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Are You Too Young to be Balding?

We all get older. It’s one of the things we can count on in life. Some people are excited to grow up. It means staying out late and doing things you couldn’t as a kid. Others wish they could return to childhood, to that doe-eyed sense of naive bliss.

Everyone ages differently. Some people seem to perpetually look like high school students, while others have deep lines and wrinkles. One of the most common signs of aging is hair loss. Baldness affects as many as two-thirds of men over the age of 60. Even some women — about one in four — will suffer some form of hair loss by age 50. Believe it or not, some men and women lose their hair even earlier in their 20s and 30s.

For those not so fond of hair loss, there are numerous methods for restoring hair such as surgical or non-surgical hair replacement. However, as ominous as the numbers might seem, understand that hair loss is natural, and for many people, baldness is actually a distinguished trait.

Understanding Hair Loss

Hair is made up of a protein known as keratin, which is the same material that makes up fingernails and the outer layer of human skin. The hair that we see actually consists of long strings of dead keratin cells, which makes sense; otherwise, haircuts would be entirely painful affairs. As hair follicles grow new hair, old hair is pushed out of the skin in the head, which happens at an average rate of seven inches a year.

Of the over 100,000 hairs on your head, you will shed about 100 strands of hair over the course of the day. Before you panic, understand that this is perfectly normal and that your hair is constantly restoring itself.

As you age, your hair will gradually thin out. This is known as involutional alopecia and leads to loss of hair around the crown and temples. Just about everyone will experience thinning hair in old age, but what about losing hair even younger?

Am I Too Young to be Balding?

Although baldness generally affects older individuals, premature balding is not at all unheard of.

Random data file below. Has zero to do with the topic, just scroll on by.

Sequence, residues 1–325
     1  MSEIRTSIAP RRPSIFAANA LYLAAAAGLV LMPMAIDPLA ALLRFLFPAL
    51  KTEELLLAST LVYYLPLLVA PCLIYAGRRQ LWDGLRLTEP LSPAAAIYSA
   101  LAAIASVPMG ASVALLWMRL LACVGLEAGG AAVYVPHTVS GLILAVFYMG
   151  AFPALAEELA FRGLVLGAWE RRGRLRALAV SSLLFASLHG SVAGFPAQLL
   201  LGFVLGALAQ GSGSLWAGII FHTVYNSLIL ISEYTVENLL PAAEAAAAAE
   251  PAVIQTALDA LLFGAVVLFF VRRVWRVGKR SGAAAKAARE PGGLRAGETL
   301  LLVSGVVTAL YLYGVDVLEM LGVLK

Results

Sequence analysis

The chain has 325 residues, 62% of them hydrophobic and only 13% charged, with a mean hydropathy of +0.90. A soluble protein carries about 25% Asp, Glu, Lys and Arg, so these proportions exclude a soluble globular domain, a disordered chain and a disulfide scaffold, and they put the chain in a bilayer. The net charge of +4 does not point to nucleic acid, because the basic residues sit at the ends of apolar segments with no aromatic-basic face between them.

Androgenetic Alopecia

The most common form of hair loss is androgenetic alopecia, more commonly known as pattern baldness. Female pattern baldness tends to occur after menopause, while male pattern baldness can happen in a man’s 20s, if not earlier. The main thing to understand about pattern baldness is that it is genetic.

Androgenetic alopecia is caused by the presence of excess hormones, namely testosterone and DHT, which drastically affect hair’s growth cycle. The hormones cause hair to shed more rapidly, simultaneously killing hair follicles. This leads to baldness in the front and top of the scalp, leaving the sides relatively intact.

Medications

Certain medications can cause premature hair loss as well. Supplements for thyroid hormones can cause hair to shed, though conjointly, a lack of thyroid hormone can also lead to baldness. Medications for chemotherapy will, of course, lead to premature hair loss as well, though this is usually temporary. Some antidepressants and medications for mood disorders and seizures can also potentially lead to hair loss. Most of these pharmaceuticals will list hair loss as a potential side effect though.

Trichotillomania

Trichotillomania is a disorder noted by a compulsive desire to pull out one’s hair. This disorder is similar to obsessive-compulsive disorder and can generally be treated with therapy and antidepressants. Excessive hair pulling can damage the follicles, enough to the point that they cease to function.

Malnutrition

Malnutrition can also play a factor in premature hair loss. Remember that what you put into your body affects all of its functions, which includes hair growth. Your body needs to absorb a regular supply of vitamins and minerals. Lack of proper nutrition means your hair has nothing to sustain itself on.

Stress and Depression

Stress and emotional instability can have very real physical effects on your body, including hair loss. Excessive stress can force hair follicles into the resting phase. This can result in molting or massive hair loss. This condition is known as telogen effluvium and usually follows major stressful events or severe illnesses. Over time, the condition should reverse and your hair should grow back. In the mean time, make sure to calm down and try not to worry too much.

Sometimes premature hair loss occurs even without any of the above causes. In any case, it may be best to assess your lifestyle and make any changes that you feel could be deteriorating your health and the health of your hair. You can always schedule a consultation with us to talk about your hair restoration options as well.

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